Ken Drees writes:
This says something to me about the public consciousness of inflation. I mentioned not too long ago the vibe of people talking to me (strangers) at the gas pumps complaining about prices. This seems to be a cohesion type behavior where people use the topic as a bridge to conversation–like a soldiers right to complain about food quality. It's better than talking about the weather.
But as a youth of 12 years as a passenger/helper in a delivery van, the young teenagers/ early 20 year old drivers in the late 70s complained non stop about gas prices and inflation– everyone was talking about it. It was the talk of every bar, every station, and every food stop.
I got the point one day when this guy lit a dollar on fire with his lighter, used the dollar to light his cigarette, and then let the burning buck suck out of the window into the winter wind– he looked at me with a stone cold face and said that the dollar wasn't going to be worth sh*t in the near future. I got the point and started thinking about money.
We are not even close to that point again. 4$ gasoline will start it up.
Easan Katir writes:
Often I carry a pre-64 silver quarter and attempt to purchase something with its melt value, around $5. So far, no takers. When someone finally accepts, I will consider that a tipping point for the fate of the US dollar.
I recently made a potentially serious mistake. I updated a web site and left it in a world writable state (i.e, anyone in the world could change it). Fortunately, a good friend noticed and fixed it temporarily while I scurried back to my computer to implement a permanent solution. Naturally one of the things on the web site is a page (by me) discussing the importance of a security mindset.
Mistakes are only useful if you learn from them, so I wrote up my thoughts on the subject. In summation, I set up rules, then broke some of them. Fortunately I had multiple layers of defense (stop loss rules) which made recovery easy.
In the bigger picture of my life, I see that most of the recent (last 5 years) decisions that I now consider mistakes are of the same sort. I had a rule or principle in place, then ignored it. At my age (50+) I'm not really getting surprised by much anymore; when I make a mistake, it's because I ignore what I know and charge ahead.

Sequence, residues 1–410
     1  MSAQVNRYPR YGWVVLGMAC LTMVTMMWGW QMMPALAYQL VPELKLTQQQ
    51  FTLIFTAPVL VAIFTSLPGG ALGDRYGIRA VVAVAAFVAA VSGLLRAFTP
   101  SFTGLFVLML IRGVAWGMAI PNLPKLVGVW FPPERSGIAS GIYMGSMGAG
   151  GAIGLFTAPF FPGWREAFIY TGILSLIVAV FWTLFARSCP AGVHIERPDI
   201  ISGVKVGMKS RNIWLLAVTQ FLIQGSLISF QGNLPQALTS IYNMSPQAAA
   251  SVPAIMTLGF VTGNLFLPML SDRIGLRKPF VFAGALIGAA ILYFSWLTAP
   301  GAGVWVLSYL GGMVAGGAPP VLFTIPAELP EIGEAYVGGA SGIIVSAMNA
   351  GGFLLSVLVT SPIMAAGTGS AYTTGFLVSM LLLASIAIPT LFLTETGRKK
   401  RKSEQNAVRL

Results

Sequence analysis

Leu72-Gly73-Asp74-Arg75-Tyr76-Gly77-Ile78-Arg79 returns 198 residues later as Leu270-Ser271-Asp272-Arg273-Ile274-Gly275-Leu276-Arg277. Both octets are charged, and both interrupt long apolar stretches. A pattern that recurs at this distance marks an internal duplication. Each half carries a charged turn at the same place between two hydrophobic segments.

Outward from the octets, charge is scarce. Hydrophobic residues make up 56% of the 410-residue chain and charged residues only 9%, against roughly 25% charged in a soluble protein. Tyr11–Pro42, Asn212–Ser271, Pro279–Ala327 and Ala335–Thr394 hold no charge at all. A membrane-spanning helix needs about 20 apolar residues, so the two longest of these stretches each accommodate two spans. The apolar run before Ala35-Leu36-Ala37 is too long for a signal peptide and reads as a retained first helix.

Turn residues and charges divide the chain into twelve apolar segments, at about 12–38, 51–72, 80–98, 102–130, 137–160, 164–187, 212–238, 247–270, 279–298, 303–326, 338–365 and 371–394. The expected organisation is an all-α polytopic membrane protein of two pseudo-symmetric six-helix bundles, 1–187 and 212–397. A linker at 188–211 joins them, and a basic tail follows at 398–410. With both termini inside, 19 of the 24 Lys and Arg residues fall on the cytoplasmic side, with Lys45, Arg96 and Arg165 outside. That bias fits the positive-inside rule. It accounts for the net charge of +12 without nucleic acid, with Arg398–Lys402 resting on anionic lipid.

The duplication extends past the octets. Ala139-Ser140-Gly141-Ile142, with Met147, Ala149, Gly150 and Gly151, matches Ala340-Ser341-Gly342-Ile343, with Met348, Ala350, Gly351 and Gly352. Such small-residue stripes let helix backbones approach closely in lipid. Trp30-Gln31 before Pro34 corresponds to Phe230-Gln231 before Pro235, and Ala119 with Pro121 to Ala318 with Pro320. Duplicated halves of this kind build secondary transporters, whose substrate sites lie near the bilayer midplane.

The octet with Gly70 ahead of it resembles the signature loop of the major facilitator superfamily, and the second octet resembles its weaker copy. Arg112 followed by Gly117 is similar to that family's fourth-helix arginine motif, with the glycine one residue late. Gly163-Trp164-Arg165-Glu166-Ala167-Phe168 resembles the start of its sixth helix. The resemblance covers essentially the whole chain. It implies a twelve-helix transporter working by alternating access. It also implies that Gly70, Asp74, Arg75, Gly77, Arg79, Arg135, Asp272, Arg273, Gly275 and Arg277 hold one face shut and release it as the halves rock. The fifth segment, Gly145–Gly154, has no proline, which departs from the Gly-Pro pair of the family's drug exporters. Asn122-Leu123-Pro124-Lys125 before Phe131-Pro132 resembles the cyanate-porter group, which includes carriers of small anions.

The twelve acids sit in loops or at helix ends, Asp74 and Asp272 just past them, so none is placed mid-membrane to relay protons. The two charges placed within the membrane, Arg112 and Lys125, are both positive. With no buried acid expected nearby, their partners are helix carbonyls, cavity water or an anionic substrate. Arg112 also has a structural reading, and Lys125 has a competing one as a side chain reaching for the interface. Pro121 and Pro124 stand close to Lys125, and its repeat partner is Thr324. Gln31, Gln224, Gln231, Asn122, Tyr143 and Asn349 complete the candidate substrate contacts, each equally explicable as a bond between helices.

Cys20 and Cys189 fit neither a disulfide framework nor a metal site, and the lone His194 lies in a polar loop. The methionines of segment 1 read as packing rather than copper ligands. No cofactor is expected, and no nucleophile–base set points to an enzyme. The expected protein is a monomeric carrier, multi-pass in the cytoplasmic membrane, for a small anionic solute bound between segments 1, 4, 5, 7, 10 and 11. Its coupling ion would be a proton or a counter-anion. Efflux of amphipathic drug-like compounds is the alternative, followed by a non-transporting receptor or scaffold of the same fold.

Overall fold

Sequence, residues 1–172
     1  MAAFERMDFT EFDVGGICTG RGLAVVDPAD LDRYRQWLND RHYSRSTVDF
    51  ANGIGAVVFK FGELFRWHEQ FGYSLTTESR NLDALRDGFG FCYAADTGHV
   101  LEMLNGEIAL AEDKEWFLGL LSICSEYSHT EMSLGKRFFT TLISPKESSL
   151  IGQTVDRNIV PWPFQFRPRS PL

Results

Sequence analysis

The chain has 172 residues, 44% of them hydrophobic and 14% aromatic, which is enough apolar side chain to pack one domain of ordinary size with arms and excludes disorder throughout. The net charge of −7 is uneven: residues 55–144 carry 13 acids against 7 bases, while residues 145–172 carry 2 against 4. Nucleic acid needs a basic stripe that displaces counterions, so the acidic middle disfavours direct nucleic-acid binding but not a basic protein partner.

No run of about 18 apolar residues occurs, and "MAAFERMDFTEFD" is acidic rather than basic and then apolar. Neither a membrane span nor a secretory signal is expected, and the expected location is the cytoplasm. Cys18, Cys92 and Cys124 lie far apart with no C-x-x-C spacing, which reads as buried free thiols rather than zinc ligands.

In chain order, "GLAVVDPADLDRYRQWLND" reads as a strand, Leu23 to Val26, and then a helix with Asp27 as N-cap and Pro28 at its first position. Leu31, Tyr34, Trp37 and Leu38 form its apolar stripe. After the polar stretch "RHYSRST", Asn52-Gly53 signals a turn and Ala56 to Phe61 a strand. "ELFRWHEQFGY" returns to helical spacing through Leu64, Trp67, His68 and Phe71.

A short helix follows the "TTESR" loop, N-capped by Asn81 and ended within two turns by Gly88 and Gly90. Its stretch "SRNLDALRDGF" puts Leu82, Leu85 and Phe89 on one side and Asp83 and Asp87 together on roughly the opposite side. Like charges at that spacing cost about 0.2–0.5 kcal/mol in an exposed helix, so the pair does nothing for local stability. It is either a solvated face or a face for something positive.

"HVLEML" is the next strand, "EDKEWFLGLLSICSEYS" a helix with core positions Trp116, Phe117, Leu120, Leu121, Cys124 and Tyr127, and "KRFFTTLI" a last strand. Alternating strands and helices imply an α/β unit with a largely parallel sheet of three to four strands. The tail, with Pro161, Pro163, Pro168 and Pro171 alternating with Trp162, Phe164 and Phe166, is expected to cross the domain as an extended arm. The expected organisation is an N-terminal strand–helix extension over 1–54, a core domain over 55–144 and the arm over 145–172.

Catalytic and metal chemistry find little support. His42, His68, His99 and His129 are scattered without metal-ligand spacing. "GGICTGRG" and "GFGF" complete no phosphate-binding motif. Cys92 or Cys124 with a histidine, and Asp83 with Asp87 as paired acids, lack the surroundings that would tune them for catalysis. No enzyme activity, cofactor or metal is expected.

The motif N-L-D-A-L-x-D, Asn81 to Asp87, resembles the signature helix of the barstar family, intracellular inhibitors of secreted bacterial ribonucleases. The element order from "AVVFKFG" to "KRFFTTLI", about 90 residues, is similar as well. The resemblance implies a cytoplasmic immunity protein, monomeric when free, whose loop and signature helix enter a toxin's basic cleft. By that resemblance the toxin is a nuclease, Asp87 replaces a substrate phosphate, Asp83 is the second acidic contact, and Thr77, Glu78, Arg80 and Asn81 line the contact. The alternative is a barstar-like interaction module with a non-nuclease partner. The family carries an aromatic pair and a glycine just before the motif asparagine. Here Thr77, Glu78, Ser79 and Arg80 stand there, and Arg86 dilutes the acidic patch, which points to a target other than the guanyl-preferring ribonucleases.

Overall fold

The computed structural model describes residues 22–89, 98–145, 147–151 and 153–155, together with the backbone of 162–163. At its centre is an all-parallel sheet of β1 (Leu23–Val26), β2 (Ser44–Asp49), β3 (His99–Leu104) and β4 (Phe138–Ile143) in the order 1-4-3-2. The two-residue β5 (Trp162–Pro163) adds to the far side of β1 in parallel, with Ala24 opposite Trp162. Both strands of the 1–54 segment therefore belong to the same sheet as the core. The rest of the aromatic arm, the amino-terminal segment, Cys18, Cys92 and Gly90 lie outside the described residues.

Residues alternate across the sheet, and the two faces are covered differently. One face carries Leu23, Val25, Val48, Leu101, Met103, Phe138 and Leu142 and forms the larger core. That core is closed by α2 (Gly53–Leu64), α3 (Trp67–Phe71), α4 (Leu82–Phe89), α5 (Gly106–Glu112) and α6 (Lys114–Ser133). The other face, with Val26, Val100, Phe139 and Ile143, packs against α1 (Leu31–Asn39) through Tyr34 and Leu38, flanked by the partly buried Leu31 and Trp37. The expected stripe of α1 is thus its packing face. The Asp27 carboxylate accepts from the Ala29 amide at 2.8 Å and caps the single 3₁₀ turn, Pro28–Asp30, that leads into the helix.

For example.. I REALLY wanted xyz, so I bought it despite the price, condition, etc, then did not like it, did not use it, broke it, etc. I was REALLY in a big hurry…broke something, ignored the rules, etc I was NOT going to ask for help/go back to the store again
So what strategies are there for stop loss rules, or layers of defense in life? How do you implement them without turning into a cold, heartless SOB? How do you identify reactionary rules (I'll NEVER do that again) that are not sustainable?
Time for some beginning of the year introspection. Here's what I wrote about this on my blog:
As I note in the overview, one of the things I want to focus on is security by design. Nice thought.
I switched from my hand crafted php scripts to Dokuwiki for the web site. Shortly after I pushed the web site out to the world, a good friend called me to say that the entire site was world writeable. Ooops… He was kind enough to flip it to read only while I scurried back home to fix it.
Obviously this was not a good outcome. I've spent parts of the last few days analyzing where I went wrong. How or why did I violate my principles?
- I forgot the rules. In the rush to get things done, I forgot to stop and think before I pushed send. The tyranny of the urgent got the best of me.
- I was complacent in my thinking. In the back of my mind, I knew Russ was watching things (or more correctly that his monitoring systems were). He is a very experienced admin and I trust his infrastructure.
- I did not think carefully enough about my actions. Sort of a variation of point #1, but I did not stop to think about what I was doing and the effects it might have.
In the end, even if Russ had not caught it, there was little chance of damage (other than egg on my face for a defaced web site). I've designed the site with defense in depth in mind.
- By design, the site is read only. It is the target node of the push. I never edit the site directly and never move information from the site back into the development environment. The content of the site is in a Subversion repo on another machine.
- I can easily repush the site from my secure repo
- The host that the web site runs on is not trusted by any other machine. There are no keys or logins on it that can be used on another machine that I control.
- OS level security in the form of SELinux is enabled.
- Logs are monitored
- The entire environment (OS and all) is snapshotted regularly
So the web site is in at least 3 sandboxes, each a little larger, each with their own monitoring system and recovery system or methodology.